But not everyone has given up on a model that still works for many farmers—especially those just starting out. Jennifer Hashley, a farmer who directs the New Entry Sustainable Farming Project out of Tufts’ Friedman School of Nutrition, says that farmers’ markets are a great place for beginning farmers to hone their businesses, make mistakes, streamline production, and explore customer demands. Still, direct-to-consumer food markets can be a “rat race,” she says, one she’ll often encourage young farmers to leave in favor of wholesale accounts and selling directly to institutions like schools and hospitals.

“We’ll always encourage people to use [the farmers’ market] as a trial,” she says, “and then pretty quickly encourage them to look at what makes more economic sense.”

Appealing to new customers

Still, some markets are seeing huge upticks in both foot traffic and profits, and analysts say that’s because of a concerted effort to open up local food markets to traditionally underserved populations.

For instance, markets are no longer reserved only for privileged, middle-class, largely white shoppers. Programs rolling out across the nation are attracting new low-income customers by allowing them to extend the value of government assistance funds used on fresh food. In Massachusetts, a three-year farmers’ market pilot called Healthy Incentives Program matches, dollar for dollar, the amount that SNAP recipients spend on produce, up to $80 a month. Since it launched across the Commonwealth earlier this year, there have been long lines and record-breaking sales—much to the delight of producers and market managers. By August 28, shoppers had purchased $1 million with SNAP at farmers’ markets in Massachusetts, compared to $470,000 in all of 2016, according to the Massachusetts Department of Transitional Assistance, which administers the program.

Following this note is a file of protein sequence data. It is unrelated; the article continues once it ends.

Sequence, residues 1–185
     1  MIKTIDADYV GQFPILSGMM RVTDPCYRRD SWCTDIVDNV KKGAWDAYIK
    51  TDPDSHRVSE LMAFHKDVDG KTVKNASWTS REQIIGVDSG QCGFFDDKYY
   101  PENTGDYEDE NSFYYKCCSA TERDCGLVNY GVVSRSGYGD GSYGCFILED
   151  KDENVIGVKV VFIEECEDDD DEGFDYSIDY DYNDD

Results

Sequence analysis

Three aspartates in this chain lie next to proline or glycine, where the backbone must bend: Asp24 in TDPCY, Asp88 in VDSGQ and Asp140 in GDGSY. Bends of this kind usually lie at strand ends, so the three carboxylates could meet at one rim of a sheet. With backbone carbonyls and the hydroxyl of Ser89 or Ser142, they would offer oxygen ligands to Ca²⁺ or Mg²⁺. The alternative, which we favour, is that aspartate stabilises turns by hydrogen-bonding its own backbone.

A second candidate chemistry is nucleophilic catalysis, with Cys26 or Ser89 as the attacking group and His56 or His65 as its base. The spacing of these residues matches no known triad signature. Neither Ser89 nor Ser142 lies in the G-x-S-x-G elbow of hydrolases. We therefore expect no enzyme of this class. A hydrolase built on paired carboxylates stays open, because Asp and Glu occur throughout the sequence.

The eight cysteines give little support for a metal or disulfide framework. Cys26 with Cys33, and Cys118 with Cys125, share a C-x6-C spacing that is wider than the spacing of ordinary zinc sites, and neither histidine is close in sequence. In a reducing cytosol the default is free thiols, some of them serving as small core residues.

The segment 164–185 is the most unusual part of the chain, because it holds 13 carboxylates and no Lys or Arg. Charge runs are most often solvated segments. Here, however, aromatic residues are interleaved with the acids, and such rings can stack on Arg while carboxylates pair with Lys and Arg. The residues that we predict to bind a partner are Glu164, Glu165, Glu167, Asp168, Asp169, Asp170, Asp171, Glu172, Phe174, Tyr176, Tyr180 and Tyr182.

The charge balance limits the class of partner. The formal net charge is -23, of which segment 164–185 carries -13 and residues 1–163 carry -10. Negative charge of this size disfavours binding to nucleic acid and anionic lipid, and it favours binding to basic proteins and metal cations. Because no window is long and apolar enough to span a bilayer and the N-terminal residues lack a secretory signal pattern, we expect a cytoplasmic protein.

Similar incentive programs are being piloted at the local and state level in many other places across the country, such as Maine Harvest Bucks and Double Up Food Bucks Colorado, Wolnik says. Incentives, she says, encourage people who typically buy their food elsewhere—like supermarkets or bodegas—to give farmers’ markets a chance.

“The idea of incentives and farmers’ markets go hand-in-hand: What farmers’ markets do in the modern world is incentivize behavior change,” she adds. “The idea of all the incentives was to create a regular return shopper.”

At less than five percent of overall food sales, farmers’ markets still comprise a miniscule piece of the pie.

“In the past, we’ve thought people will find us because they’re looking for local food, and they want to hear the stories of local food,” Wolnik says. “Now, we have to fight for attention.”

She adds that more of the markets with which she consults are collecting data on precisely who’s shopping at the farmers’ markets—and who’s not—around which they can shape their marketing strategies. For instance, after learning from a focus group that a separate information tent for SNAP recipients felt stigmatizing to low-income shoppers and might turn some away from the market, market managers in Boulder County, Colorado, combined the general information tent and the SNAP tent and hired bilingual staffers.